Last month the Federal Trade Commission sued Pure Green Coffee for using footage from “The Dr. Oz Show” to sell a weight lost supplement on their websites. 

The sites featured footage from The Dr. Oz Show, supposed consumer endorsements, and purported clinical proof that dieters could lose weight rapidly without changing their diet or exercise regimens. The defendants also ran paid banner and text ads that appeared on search engines and contained phony weight loss claims.

The defendants set up websites to look like legitimate news sites or blogs.  

The fake news sites featured mastheads of fictitious news organizations such as Women’s Health Journal and Healthy Living Reviewed, as well as logos they appropriated from actual news organizations, like CNN and MSNBC.

This week Dr. Oz went before the Senate subcommittee on Consumer Protection, Product Safety, and Insurance to examine protecting consumers from false and deceptive advertising of weight-loss products. Dr. Oz admitted there is no medical evidence verifying the efficacy of many supplements he promotes, including green coffee beans. 

“Not only did these defendants trick consumers with their phony weight loss claims, they also compounded the deception by advertising on pretend news sites, making it impossible for people to know whether they were seeing news or an ad,” said Jessica Rich, Director of the FTC’s Bureau of Consumer Protection.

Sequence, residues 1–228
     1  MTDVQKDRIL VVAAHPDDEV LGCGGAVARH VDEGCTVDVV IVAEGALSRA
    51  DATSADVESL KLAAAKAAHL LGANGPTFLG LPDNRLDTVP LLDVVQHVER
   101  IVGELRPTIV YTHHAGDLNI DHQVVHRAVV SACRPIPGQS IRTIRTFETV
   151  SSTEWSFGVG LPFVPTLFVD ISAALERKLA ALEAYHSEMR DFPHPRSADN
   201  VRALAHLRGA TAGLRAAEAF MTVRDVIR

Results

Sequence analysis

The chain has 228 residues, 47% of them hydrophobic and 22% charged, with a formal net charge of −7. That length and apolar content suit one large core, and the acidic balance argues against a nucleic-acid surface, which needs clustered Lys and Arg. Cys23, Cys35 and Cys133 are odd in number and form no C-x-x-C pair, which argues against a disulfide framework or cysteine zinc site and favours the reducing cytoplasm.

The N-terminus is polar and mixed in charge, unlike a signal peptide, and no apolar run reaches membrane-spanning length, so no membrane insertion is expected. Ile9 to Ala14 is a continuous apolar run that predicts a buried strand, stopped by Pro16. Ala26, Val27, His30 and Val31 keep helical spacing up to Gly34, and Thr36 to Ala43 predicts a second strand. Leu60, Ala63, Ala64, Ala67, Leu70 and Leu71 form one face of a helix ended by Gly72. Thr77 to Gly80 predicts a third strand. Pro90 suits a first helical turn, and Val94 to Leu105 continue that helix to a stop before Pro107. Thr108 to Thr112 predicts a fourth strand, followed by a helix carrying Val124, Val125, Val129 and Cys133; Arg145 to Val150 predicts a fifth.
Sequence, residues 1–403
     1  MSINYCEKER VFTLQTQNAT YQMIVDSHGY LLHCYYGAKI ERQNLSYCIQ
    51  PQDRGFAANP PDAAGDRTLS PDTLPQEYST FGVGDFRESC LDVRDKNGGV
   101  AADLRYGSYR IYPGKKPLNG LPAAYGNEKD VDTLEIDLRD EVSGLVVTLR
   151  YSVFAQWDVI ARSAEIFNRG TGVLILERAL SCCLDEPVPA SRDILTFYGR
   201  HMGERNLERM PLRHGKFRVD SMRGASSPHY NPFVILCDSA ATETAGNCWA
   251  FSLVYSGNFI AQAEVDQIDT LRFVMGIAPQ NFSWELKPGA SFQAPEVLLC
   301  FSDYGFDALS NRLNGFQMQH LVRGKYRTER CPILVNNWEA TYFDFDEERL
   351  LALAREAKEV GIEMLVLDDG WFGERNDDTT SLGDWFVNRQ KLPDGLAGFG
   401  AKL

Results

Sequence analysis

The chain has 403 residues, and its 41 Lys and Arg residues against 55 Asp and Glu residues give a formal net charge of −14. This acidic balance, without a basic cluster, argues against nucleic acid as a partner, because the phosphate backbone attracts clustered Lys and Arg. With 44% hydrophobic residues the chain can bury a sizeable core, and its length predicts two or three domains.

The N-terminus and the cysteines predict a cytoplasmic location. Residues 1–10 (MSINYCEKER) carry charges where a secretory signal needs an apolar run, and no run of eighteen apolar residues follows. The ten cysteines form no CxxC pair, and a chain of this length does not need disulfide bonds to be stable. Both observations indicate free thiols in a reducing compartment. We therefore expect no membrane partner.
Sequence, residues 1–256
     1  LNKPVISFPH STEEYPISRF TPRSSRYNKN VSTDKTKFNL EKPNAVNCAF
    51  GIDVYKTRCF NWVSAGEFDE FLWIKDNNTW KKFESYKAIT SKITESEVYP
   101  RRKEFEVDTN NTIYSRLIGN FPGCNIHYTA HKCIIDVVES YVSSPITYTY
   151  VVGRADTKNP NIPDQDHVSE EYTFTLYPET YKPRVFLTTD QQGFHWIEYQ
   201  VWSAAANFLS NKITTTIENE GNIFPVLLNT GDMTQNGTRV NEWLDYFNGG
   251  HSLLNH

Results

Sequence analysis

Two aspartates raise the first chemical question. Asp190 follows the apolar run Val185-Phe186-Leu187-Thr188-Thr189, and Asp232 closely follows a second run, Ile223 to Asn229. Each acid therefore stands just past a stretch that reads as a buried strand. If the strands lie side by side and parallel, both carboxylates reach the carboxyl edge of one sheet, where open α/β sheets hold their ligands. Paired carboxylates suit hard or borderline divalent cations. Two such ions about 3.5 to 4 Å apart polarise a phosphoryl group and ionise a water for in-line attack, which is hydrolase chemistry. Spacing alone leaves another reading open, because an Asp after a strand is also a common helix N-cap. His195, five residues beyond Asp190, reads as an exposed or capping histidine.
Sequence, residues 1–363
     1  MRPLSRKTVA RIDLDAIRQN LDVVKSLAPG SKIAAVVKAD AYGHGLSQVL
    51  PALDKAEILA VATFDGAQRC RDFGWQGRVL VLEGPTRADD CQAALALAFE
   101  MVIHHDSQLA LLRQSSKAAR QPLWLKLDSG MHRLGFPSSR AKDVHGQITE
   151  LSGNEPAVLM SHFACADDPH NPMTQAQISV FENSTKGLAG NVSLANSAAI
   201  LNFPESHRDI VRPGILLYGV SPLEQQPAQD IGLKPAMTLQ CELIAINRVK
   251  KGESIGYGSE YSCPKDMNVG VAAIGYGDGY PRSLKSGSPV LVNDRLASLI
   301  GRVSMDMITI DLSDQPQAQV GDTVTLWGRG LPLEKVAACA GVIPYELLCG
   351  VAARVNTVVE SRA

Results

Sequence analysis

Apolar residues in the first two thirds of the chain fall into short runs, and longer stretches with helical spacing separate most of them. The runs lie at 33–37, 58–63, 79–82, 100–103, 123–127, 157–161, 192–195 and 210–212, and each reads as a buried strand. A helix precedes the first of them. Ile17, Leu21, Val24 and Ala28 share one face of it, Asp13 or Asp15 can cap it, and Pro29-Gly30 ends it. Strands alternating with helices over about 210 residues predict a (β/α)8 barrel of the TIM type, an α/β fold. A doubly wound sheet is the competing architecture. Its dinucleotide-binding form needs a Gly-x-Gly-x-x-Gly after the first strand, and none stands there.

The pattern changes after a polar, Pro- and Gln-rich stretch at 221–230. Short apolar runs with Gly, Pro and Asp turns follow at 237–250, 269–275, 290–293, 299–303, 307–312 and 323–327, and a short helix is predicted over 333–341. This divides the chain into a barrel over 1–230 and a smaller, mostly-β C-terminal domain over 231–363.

Now let’s do some parallel construction here folks (I learned this from watching a lot of TV)

In 2003 retired generals went on TV using bogus claims plus false and deceptive information to sell a war.   Many worked for military contractors, which would make money in a war selling weapons and other goods and services.  Their relationships with their contractors were not made public at the time.

The generals’ information, as well as other deceptive information from the White House went onto the “fake news” sites like Fox News. Actual news organizations, like the New York Times, CNN and MSNBC also used this information.  Years later participants admitted there was no evidence verifying weapons of mass destruction.

The actual story of how the war was sold to us is worse.  In his Pulitzer Prize winning story, Behind TV Analysts, Pentagon’s Hidden Hand David Barston describes how it was done, who did it and how the media cooperated. 

False info spread:

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A brain in a box.